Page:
There was a mean old physician who'd always been on a grand mission to make patients thinner. He told them for dinner they should only eat what they caught fishin'.
My rating: 5 of 5 stars
This novella is a masterpiece of American literature. The story is straightforward, but visceral and provocative. Santiago, an old Cuban fisherman, has been having the dry spell of all dry spells, having not returned with a fish in over eighty days. Santiago recently lost his assistant / apprentice, a boy named Manolin, but the age-mismatched pair remain friends. After a scene in which the two hang out and share a meal one evening, most of the rest of the book is only – literally – the old man and the sea.
The next day Santiago goes out much farther than usual in an attempt to rectify his losing streak. Soon, he hooks what he can tell is a massive fish. It turns out to be an eighteen-foot marlin, and it ends up dragging his boat around for the better part of three days before Santiago can sink a harpoon into it. But the three days of raw fish meals, almost no sleep, and gashed hands (from the line) are only the start of Santiago’s problems. The marlin is far too big to fit in Santiago’s tiny boat. The fisherman has to strap the fish to the outside of the boat. It’s not long before a shark sinks its teeth into it, and – while Santiago kills the shark – the blood and meat dripping into the sea attract additional sharks. By the time Santiago gets back to port, there’s nothing but a skeleton attached to his boat. Locals are impressed by the fish skeleton, buy Santiago has nothing to show for all his tenacity.
I was reading a book that dealt with the challenges of modernity (Camus’ “The Fall”) around the same time I read this book, and it occurred to me that this is, in an important sense, the opposite of “The Fall.” While Santiago may be struggling to prove that he’s still the man who once won arm-wrestling matches against brawnier challengers, he’s also at-ease in a way that seems rare. Santiago knows who he is. His fear of death is minimal. He can endure because he has the confidence of one who has mastered himself via the forge of nature.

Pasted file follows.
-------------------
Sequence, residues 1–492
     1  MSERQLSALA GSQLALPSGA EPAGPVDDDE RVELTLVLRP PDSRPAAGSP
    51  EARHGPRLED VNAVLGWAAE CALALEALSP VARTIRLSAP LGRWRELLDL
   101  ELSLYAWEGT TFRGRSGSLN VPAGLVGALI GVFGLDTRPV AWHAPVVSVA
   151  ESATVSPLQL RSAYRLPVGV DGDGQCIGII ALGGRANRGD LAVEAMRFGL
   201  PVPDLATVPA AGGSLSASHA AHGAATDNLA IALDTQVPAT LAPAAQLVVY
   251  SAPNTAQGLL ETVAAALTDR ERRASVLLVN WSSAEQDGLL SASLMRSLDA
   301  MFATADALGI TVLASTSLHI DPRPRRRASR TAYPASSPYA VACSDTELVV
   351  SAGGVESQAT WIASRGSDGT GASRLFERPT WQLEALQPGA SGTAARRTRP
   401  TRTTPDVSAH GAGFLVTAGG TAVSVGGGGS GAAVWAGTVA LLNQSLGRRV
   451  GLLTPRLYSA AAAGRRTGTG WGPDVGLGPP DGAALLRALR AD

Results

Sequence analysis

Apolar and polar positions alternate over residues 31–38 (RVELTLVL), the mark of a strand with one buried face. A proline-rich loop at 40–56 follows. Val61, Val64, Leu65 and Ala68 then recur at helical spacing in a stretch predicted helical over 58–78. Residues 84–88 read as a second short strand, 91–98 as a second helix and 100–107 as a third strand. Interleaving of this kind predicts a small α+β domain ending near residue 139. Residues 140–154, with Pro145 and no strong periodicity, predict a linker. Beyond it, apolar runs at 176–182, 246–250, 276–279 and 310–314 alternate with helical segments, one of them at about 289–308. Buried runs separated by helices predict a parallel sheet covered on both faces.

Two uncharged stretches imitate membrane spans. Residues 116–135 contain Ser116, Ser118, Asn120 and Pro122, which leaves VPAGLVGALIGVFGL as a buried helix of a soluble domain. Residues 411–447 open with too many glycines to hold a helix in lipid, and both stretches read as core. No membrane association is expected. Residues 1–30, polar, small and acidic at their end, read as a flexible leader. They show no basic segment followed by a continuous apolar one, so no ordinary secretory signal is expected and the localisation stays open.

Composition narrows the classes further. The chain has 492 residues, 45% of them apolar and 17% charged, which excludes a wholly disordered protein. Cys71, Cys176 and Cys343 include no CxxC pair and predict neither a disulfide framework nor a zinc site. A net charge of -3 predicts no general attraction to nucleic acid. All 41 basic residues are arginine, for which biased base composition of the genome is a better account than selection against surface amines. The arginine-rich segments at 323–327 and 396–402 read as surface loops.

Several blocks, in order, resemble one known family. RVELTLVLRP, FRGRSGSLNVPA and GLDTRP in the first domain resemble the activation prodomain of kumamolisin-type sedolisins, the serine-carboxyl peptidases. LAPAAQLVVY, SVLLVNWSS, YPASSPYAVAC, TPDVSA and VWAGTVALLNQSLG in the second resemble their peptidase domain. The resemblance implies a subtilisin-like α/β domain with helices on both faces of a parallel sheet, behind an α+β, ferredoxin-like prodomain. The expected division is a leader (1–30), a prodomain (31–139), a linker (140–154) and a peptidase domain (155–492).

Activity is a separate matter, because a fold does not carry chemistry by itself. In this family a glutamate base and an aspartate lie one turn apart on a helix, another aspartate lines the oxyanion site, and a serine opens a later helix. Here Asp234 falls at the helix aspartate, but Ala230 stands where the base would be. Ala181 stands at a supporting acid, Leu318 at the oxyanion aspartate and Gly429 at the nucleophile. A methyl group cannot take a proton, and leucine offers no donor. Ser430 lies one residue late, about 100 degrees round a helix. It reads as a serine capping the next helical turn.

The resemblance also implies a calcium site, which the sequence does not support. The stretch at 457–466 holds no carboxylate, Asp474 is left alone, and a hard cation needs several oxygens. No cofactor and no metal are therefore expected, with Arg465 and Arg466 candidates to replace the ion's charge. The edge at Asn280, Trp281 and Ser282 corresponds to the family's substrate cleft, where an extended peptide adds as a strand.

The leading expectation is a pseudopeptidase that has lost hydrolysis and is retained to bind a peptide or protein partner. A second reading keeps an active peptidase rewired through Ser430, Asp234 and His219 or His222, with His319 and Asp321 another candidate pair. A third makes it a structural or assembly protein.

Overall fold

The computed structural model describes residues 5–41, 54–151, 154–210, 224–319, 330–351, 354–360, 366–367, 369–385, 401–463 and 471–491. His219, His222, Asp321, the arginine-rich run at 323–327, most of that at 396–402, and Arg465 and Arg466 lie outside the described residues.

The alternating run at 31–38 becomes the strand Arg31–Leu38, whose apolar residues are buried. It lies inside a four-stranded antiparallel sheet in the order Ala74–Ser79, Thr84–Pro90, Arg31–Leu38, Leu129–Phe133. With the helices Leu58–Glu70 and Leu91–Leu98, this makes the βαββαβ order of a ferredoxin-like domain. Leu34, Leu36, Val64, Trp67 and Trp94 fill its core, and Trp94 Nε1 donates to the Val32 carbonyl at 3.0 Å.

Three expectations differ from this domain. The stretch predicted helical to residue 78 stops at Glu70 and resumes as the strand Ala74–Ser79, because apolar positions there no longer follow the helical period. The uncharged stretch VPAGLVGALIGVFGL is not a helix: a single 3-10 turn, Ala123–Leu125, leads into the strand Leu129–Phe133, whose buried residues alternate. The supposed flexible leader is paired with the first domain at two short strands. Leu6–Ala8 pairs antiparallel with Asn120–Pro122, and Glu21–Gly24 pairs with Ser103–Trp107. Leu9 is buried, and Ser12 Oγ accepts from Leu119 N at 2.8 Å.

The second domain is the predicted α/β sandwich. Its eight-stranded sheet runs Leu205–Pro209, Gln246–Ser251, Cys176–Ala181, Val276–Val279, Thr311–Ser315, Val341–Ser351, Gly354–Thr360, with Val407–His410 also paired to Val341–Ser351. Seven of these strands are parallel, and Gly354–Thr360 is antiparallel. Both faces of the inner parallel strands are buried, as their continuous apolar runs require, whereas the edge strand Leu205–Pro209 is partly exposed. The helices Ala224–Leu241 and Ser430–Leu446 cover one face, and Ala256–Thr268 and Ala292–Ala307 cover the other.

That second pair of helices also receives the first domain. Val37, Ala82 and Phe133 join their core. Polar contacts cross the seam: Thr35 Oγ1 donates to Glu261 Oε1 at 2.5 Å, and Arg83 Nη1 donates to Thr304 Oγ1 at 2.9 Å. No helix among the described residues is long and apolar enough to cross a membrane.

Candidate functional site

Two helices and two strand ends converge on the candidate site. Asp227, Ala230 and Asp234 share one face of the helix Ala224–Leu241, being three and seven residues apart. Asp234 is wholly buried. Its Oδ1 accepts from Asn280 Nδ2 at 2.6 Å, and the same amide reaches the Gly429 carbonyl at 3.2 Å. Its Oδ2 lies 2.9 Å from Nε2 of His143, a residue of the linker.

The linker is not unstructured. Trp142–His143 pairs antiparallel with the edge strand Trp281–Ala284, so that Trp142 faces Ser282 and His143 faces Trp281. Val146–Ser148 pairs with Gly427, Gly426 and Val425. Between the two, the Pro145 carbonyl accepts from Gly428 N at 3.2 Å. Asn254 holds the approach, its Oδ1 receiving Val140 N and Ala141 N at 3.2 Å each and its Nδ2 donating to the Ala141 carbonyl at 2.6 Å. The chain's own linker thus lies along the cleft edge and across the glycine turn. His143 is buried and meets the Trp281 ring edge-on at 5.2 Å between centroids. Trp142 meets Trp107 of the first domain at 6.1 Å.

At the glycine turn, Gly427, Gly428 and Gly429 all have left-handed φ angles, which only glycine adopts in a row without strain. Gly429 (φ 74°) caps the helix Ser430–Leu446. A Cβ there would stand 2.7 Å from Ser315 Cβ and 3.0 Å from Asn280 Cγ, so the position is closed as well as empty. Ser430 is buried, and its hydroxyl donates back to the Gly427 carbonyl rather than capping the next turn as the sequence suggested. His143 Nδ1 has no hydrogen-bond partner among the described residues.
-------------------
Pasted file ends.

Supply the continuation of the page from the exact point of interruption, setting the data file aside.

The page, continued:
This short book is definitely worth reading.
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For fog has settled on the bay
and ship shapes fade to gray.
They count themselves infinite ships
while bounded by that bay.
The sea deceives, that much is true;
the rest we’ve yet to know.
Some will swear that trawlers sit there
that were lost long ago.
Are fishing vessels like the dreaded shark,
that swims endlessly when wetted by sea?
No mourning nor merriment owed the dark,
and miles between the hull and the quay.
They persistently glide on ocean tides,
measuring time by space left in the hold.
There’s a secret some sailors will confide,
each outing ends in a death unforetold.
There is the pleasant death of days at rest,
but then there’s becoming Poseidon’s guest.
In the background are a couple of Kochi’s famous Chinese fishing nets. These particular nets are primarily a tourist attraction. They pull up tiny (shrimp-sized) fish and other aquatic life. They’re more about getting tips than selling fish. In the foreground are a couple of fishing boats with the nets visible within.
When I lived in the US, and I’d buy a pack of frozen shrimp, more often than not it came from Thailand. That astounded me as Thailand is about as far as one can go to get shrimp. Even with freezing, there is a time factor involved. There are both US and US adjacent/proximal producers of shrimp, but Thailand is still a low-cost producer for US markets even with transportation costs figured in.
It’s interesting to be in a place were prices for a shrimp dish are the same as for pork or beef, and sometimes even the same as for chicken.
From Phuket you can see the fleets of fishing trawlers working it all day long.